Sept. 14, 2016:  The Wild Goose

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Between the 5th and 10th centuries, in a period historically identified as the “Dark Ages,” the Celtic Christians are an inspiring movement. Their passion to make the love of Jesus known awakened large parts of Europe. To Ireland, during the second half of the fifth century, came St. Patrick. At the end of the 6th century, Pope Gregory I sent a mission under St Augustine to “convert the Anglo-Saxons” and they duly arrived in Wales.

The Celtic Christians understood that our very human propensity to settle for what is comfortable or familiar has the capacity to limit both our experience of God’s love and inhibit the reach of God’s love. They had an intriguing name for the Holy Spirit; they called Him, “An Geadh-Glas” (or “The Wild Goose”). In their understanding, the Holy Spirit, as well as being the great comforter, was also willing to disturb the status quo in order that we might go deeper and wider in God’s love. 

The Celtic Christians lived out their faith by embracing this understanding. Often when they set out on pilgrimage, they would get into a small boat called a coracle, hoist the sail, pull up the rudder, and go where God took them by way of the wind. Jesus told us, “The wind blows where it wishes, and you hear its sound, but you do not know where it comes from or where it goes. So it is with everyone who is born of the Spirit.” (John 3:8).

I am not suggesting that we all go out and buy a boat and adopt this as an outreach strategy (although 5 River Road is conveniently close to the Mianus River and Cos Cob Harbor). But I do think that the Celtic understanding of the passion and purpose of the Holy Spirit – His great desire that the messianic agenda be advanced through us and in us – is worth holding on to.

The Celtic Christians knew that “The Wild Goose” could not be tamed – that in the Holy Spirit there is the fullness of God’s life, radical generosity, amazing grace, the capacity to soar to new heights, more joy, more freedom, and even the welcome air of adventure and unpredictability.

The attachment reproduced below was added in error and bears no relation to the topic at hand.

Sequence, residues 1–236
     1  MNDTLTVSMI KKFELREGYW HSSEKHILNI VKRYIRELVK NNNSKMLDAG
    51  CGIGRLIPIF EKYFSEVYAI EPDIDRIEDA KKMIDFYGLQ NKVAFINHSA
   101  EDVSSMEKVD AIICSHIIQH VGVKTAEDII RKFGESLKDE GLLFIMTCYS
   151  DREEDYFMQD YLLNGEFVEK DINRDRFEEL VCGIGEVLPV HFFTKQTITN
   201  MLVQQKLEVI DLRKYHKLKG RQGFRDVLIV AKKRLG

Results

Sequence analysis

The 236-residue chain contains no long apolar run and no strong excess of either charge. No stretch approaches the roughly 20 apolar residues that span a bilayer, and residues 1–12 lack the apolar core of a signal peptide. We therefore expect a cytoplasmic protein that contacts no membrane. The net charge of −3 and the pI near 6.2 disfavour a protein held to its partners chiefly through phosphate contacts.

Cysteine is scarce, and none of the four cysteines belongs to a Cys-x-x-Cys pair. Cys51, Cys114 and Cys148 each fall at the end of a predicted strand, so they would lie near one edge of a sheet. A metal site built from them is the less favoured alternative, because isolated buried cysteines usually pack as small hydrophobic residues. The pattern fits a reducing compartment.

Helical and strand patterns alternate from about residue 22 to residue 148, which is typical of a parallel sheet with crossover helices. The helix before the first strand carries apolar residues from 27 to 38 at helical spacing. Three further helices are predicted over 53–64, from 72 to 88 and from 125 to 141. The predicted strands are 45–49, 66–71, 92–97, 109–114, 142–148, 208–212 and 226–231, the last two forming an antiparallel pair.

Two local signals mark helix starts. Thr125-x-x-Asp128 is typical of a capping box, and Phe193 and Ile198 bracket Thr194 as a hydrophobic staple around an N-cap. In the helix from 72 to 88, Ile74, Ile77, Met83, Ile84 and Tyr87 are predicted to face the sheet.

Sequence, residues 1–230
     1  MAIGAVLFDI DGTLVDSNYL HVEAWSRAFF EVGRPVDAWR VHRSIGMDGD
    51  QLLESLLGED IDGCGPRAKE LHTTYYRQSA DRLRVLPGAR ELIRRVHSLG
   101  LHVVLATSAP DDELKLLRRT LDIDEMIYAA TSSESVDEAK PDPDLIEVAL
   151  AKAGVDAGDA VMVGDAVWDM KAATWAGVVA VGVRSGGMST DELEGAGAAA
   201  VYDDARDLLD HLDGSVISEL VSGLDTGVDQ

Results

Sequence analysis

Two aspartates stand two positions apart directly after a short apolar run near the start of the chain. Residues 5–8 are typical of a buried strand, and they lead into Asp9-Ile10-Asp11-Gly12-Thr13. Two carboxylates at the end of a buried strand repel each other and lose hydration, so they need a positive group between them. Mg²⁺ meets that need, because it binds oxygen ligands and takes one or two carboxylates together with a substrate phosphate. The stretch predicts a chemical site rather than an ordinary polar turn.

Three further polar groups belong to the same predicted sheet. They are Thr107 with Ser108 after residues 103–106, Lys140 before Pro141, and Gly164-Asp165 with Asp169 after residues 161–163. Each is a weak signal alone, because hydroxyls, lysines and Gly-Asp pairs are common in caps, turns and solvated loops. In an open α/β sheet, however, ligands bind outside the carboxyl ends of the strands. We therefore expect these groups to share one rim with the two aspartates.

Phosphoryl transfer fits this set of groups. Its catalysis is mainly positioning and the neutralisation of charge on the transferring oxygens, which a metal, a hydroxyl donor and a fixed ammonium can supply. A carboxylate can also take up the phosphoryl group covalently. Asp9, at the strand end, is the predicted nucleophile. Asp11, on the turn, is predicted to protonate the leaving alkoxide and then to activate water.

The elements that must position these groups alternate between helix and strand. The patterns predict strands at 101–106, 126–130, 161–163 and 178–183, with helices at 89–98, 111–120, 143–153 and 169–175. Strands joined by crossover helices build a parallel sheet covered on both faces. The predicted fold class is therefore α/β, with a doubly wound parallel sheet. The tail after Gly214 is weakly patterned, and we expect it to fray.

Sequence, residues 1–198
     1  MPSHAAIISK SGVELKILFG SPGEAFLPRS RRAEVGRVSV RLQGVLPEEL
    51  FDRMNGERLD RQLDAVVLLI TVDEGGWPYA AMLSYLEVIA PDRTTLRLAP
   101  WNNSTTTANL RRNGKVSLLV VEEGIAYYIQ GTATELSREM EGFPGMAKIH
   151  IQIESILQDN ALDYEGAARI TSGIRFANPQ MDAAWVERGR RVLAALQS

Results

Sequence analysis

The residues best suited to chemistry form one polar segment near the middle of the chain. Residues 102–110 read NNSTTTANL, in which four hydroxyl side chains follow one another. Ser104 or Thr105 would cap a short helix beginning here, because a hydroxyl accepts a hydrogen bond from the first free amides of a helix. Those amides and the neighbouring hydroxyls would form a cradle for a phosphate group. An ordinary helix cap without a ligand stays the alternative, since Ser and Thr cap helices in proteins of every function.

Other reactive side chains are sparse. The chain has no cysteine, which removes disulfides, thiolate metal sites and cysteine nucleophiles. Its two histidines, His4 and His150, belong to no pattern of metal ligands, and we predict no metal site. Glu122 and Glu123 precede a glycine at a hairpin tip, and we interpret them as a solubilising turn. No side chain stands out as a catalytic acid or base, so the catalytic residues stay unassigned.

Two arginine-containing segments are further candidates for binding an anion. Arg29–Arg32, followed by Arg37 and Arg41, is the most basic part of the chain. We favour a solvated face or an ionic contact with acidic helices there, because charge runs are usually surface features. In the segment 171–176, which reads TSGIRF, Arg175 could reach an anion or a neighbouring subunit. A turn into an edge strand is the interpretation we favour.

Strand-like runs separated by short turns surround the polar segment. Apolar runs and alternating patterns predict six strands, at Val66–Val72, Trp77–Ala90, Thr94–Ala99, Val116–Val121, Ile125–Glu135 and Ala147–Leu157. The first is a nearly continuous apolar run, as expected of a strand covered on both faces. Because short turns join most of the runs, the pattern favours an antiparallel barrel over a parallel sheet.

Could the Celtic Christians have ever imagined what their willingness to follow “The Wild Goose” would achieve? Centuries after the Celts had landed, in the year 1620, a band of pilgrims boarded a vessel and left the Isle of the Anglo-Saxons from a small town called Plymouth and crossed the Atlantic to a new shore. They went forth with the same leading of “The Wild Goose” and the world would be changed forever.

Our calling is no less. You and I were made to fly – to spread our wings and let the thermals of the Holy Spirit lift us higher and higher into the reaches of the Father’s love. We were made to feel the wind of God’s Spirit on our backs and the breath of God’s Spirit on our faces. “The Wild Goose” will always seek to mess up our hair and make our eyes wet with His tears. God is not calling us to be adventurous for the sake of being adventurous. “The Wild Goose” is leading us in the proclamation and hands-on delivery of the Gospel. Pain and poverty, disability and debt, injury and injustice have no place in the restored creation. The Holy Spirit is actively working against them now and He invites us to climb into our coracle, shake off the familiar and religion that is comfortable, and join with Him.